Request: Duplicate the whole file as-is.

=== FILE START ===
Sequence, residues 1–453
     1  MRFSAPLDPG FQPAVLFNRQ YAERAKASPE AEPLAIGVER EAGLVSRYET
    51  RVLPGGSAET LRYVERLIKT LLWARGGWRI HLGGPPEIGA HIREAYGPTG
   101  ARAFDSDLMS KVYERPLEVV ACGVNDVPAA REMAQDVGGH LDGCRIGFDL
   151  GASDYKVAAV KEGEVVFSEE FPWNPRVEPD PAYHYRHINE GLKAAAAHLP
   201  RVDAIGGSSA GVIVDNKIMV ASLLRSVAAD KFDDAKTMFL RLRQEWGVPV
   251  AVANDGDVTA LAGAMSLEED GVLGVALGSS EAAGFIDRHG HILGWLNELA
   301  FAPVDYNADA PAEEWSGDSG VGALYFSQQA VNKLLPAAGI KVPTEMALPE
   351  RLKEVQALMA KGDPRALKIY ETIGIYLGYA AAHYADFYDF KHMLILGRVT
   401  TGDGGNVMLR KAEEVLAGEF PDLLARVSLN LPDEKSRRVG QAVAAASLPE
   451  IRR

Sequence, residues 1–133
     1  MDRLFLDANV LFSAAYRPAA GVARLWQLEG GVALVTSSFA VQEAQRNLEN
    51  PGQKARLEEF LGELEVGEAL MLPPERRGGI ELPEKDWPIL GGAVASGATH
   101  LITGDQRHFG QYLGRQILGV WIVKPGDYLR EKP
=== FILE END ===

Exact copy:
Sequence, residues 1–453
     1  MRFSAPLDPG FQPAVLFNRQ YAERAKASPE AEPLAIGVER EAGLVSRYET
    51  RVLPGGSAET LRYVERLIKT LLWARGGWRI HLGGPPEIGA HIREAYGPTG
   101  ARAFDSDLMS KVYERPLEVV ACGVNDVPAA REMAQDVGGH LDGCRIGFDL
   151  GASDYKVAAV KEGEVVFSEE FPWNPRVEPD PAYHYRHINE GLKAAAAHLP
   201  RVDAIGGSSA GVIVDNKIMV ASLLRSVAAD KFDDAKTMFL RLRQEWGVPV
   251  AVANDGDVTA LAGAMSLEED GVLGVALGSS EAAGFIDRHG HILGWLNELA
   301  FAPVDYNADA PAEEWSGDSG VGALYFSQQA VNKLLPAAGI KVPTEMALPE
   351  RLKEVQALMA KGDPRALKIY ETIGIYLGYA AAHYADFYDF KHMLILGRVT
   401  TGDGGNVMLR KAEEVLAGEF PDLLARVSLN LPDEKSRRVG QAVAAASLPE
   451  IRR

Sequence, residues 1–133
     1  MDRLFLDANV LFSAAYRPAA GVARLWQLEG GVALVTSSFA VQEAQRNLEN
    51  PGQKARLEEF LGELEVGEAL MLPPERRGGI ELPEKDWPIL GGAVASGATH
   101  LITGDQRHFG QYLGRQILGV WIVKPGDYLR EKP